Cancer is a result of cells in specific parts of the body growing abnormally due to a number of reasons. Uterine cancer, also referred to as endometrial cancer, is the cancer that starts in the uterus. The uterus is part of the female reproductive system and is the organ where a fetus grows and develops.
Uterine cancer starts when the growth of the cells in the inner or outer lining of the uterus becomes out of control. Herein is a detailed and comprehensive account on uterine cancer symptoms and what you need to look out for.
TYPES OF CANCERS OF THE UTERUS
In order to properly understand uterine cancer symptoms you need to know the types as well as the associated risk factors. There are two main types of cancer of the uterus; uterine sarcomas and endometrial carcinomas.
Uterine sarcomas start in the outer/muscle layer (myometrium) or supportive connective tissues of the uterus. Endometrial carcinomas start in the cells of the inner lining (endometrium) of the uterus. Most reported cases of uterine cancer symptoms will usually be as a result of endometrial carcinomas.
UTERINE CANCER SYMPTOMS
Cancer of the uterus often has very few primary symptoms that can range from mild to severe. Some of the symptoms become more common as the cancer progresses to the advanced stages. The symptoms may include:
UNUSUAL VAGINAL BLEEDING
Abnormal vaginal bleeding happens to be the most commonly exhibited symptom by women afflicted with uterine cancer. It is very important to note that this alone cannot be an indicator of this cancer. Many other gynecologic conditions including ovarian and cervical cancers, polyps, fibroid tumors and cervical inflammation manifest as unusual vaginal bleeding. Therefore, if you experience this symptom it is important that you seek immediate medical counsel.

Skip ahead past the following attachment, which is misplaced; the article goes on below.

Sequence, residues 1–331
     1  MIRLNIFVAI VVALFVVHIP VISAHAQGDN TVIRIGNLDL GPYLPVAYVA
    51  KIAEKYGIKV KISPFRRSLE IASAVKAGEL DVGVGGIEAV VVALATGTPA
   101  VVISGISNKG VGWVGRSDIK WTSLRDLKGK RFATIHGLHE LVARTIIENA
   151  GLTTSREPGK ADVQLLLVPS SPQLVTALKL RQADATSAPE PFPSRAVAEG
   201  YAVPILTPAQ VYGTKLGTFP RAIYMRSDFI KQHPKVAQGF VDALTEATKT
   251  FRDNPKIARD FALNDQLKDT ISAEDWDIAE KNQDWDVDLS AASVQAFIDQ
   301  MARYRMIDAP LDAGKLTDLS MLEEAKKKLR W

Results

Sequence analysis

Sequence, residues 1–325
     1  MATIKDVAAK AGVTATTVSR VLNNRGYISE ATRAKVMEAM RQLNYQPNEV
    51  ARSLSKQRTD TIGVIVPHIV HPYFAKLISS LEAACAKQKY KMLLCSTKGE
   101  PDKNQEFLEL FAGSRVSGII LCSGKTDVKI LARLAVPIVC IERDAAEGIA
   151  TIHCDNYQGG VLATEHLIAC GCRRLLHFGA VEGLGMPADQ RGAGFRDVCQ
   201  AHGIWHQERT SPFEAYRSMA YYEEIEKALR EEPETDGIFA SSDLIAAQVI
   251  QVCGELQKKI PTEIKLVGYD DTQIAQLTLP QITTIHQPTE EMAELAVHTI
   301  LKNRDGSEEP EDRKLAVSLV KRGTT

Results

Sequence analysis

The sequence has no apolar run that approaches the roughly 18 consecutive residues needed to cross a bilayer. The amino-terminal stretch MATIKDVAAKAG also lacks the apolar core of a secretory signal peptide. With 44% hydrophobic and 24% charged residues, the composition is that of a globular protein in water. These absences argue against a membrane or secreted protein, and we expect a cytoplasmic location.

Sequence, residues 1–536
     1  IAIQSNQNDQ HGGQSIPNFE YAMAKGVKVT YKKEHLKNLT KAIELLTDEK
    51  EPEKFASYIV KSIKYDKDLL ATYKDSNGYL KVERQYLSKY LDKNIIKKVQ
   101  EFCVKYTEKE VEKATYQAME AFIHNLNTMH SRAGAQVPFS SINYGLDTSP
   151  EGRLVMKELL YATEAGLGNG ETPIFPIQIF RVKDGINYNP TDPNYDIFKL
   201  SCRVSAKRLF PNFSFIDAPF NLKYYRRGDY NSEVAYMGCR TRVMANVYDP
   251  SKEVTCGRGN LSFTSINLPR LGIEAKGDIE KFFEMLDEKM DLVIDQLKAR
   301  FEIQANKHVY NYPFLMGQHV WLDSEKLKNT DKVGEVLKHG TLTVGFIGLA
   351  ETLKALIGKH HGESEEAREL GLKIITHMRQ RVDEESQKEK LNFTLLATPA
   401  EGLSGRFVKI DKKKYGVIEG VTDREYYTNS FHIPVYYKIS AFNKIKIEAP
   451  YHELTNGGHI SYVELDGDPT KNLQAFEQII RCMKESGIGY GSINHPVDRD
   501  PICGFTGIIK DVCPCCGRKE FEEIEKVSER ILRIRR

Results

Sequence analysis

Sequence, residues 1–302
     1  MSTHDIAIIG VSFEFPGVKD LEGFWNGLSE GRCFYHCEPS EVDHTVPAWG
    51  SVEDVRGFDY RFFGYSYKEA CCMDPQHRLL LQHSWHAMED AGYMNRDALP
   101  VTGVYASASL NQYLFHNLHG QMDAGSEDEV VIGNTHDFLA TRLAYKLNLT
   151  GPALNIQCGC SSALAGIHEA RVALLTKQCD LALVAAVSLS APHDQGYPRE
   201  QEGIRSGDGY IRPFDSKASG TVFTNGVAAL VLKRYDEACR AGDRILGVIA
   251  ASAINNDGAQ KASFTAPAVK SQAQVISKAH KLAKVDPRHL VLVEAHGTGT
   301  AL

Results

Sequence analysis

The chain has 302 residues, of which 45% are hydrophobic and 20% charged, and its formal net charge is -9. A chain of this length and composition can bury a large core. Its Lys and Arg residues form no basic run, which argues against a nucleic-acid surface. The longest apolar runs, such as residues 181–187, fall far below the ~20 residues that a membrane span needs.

Many women are often confused as to what exactly constitutes abnormal vaginal bleeding. There are several instances that you can consider vaginal bleeding abnormal. If you experience heavy periods that last for more than two cycles, you should consult a doctor. Other women may experience sudden heavy vaginal bleeding that leads to usage of at least one sanitary pad per hour for prolonged periods of time. This occurrence necessitates immediate physical checkup.
You should also look out for bleeding between periods where you exhibit either heavy spotting or an extra cycle in a month. Also, any bleeding that you experience during and/or after sex can be considered unusual vaginal bleeding. This can be an indicator of uterine, vaginal or cervical cancer. Women who have already gone through menopause should be particularly watchful for vaginal bleeding.
Another common uterine cancer symptom is vaginal discharge (non-bloody). It is inadvisable to assume that because you lack blood in the discharge, you are safe from uterine cancer. In a considerable percentage of cases, the vaginal discharge that is associated with uterine cancer does not contain blood. It is recommendable that all women report abnormal vaginal discharge to a physician more so when it is watery and accompanied with an unpleasant or offensive odor.
Pelvic pain manifests as a dull pressure or pain below the navel area. It is often persistent and occurs outside the menstrual periods. Such pains are also associated with ovarian, vaginal and cervical cancer. As such, it cannot be used as a stand-alone uterine cancer symptom. However, in the case of uterine cancer, pelvic pains will often manifest in the later stages of the cancer.
This is one of the uterine cancer symptoms that are ignored by many women. The swelling can indicate a tumor and by the time it manifests as bloating, the cancer has often progressed to advanced stages. Women should check out for bloating that prevents them from comfortably buttoning clothing.
WEIGHT LOSS AND FATIGUE
Losing weight unintentionally can also be a symptom of uterine cancer and mostly in the later stages. The losses are usually in the range of 10 pounds or more. A woman’s weight does fluctuate considerably throughout a month but anything over 10 pounds should warrant a visit to the doctor.